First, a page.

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multiple limb lameness

the multiple limb lameness situation in horses. which limb to go after first. compensatory lameness

kevin keegan

on 28 August 2015

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Transcript of multiple limb lameness

The Multiple Limb Lameness Situation
Some Basic Biomechanics
More weight on forelimbs compared to hind limbs
More propulsion from hind limbs
Forelimb act primarily to brake
Hind limbs brake and push
Types of multi-limb lameness
compensatory (false)
secondary lameness (true)
second primary (true, but uncommon)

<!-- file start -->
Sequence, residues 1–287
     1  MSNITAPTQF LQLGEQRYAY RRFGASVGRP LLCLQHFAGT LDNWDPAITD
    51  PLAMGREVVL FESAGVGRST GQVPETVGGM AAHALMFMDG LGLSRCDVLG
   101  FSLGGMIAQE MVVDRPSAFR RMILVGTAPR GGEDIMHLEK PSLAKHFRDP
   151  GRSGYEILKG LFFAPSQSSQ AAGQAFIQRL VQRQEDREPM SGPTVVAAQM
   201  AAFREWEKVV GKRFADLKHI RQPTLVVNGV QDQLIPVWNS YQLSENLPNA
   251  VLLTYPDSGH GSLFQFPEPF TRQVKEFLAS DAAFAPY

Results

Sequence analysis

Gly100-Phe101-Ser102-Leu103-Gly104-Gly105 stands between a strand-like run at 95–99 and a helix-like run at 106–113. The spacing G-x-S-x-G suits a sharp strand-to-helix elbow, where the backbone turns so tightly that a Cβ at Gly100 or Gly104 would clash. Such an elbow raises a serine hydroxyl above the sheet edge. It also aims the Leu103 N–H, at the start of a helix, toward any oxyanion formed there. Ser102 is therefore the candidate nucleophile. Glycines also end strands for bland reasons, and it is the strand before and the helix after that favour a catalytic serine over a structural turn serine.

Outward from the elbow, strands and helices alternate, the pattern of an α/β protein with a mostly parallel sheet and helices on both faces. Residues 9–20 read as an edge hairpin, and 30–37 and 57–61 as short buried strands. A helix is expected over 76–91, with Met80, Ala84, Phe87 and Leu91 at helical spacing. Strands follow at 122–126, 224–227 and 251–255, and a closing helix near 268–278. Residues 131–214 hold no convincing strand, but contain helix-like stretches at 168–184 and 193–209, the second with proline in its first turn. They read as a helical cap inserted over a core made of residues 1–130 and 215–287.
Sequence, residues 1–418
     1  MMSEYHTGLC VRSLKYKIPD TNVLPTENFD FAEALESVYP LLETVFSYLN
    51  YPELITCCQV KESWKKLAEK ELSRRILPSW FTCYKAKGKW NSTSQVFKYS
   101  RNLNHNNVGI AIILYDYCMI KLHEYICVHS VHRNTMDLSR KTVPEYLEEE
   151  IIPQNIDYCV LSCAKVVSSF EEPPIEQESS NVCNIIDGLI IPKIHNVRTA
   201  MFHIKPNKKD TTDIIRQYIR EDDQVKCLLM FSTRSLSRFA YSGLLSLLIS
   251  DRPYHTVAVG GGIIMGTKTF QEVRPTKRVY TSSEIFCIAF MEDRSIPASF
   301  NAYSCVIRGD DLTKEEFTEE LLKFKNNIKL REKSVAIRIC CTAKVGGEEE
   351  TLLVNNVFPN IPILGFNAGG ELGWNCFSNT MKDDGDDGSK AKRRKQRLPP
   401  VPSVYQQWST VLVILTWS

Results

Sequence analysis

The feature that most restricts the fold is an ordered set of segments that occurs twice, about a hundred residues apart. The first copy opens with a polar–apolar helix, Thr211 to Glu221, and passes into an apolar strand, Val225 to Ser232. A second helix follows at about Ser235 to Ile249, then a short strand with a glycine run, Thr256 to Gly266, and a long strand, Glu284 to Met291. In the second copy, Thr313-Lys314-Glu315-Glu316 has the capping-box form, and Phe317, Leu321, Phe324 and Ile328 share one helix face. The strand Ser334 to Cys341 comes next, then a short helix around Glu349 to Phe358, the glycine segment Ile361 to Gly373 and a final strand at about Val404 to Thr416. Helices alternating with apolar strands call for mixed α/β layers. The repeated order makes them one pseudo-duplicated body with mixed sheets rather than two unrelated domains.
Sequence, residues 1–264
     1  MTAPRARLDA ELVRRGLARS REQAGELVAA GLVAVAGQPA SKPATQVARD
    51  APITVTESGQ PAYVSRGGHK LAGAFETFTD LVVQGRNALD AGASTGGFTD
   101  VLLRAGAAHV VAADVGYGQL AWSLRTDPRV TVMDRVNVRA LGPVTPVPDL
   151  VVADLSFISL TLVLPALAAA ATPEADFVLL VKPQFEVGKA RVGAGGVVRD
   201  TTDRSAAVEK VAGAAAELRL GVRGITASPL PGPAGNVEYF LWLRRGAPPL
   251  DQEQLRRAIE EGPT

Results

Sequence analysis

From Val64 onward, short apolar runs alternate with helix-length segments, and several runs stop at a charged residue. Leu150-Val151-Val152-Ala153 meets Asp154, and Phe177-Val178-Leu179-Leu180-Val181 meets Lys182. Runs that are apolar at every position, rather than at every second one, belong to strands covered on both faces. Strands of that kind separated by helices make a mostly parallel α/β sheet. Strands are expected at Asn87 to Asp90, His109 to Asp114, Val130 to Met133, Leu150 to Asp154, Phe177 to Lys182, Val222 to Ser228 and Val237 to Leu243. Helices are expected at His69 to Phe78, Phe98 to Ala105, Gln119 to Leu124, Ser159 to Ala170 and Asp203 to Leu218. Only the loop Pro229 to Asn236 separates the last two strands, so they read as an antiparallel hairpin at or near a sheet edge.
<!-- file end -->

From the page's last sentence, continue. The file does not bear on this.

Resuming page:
Primary Forelimb Lameness Causes Secondary Lameness
Primary Hind Limb Lameness Causes Secondary Lamenes
Compensatory Lameness
If ipsilateral - go after hind
If contralateral - go after fore
If ipsilateral - go after hind (absolutely true)
If contralateral - go after fore (half true)
If ipsilateral - go after hind
If contralateral - half true
ipsilateral law
mild primary hind can cause moderate to severe compensatory fore
contralateral law
forelimb lameness has to be quite significant before compensatory hind is appreciated
Take Home Message
compensatory, ipsilateral forelimb lameness common and significant - WATCH OUT
Compensatory hind limb lameness does occur
ipsilateral impact (sometimes)
contralateral pushoff (often)
practically insignificant

all positive slopes - i.e. right caused right and left caused left
right fore caused right hind impact lameness
left fore caused left hind impact lameness
right fore cause left hind pushoff lameness
left fore caused right hind pushoff lameness
positive slopes
negative slopes
Full transcript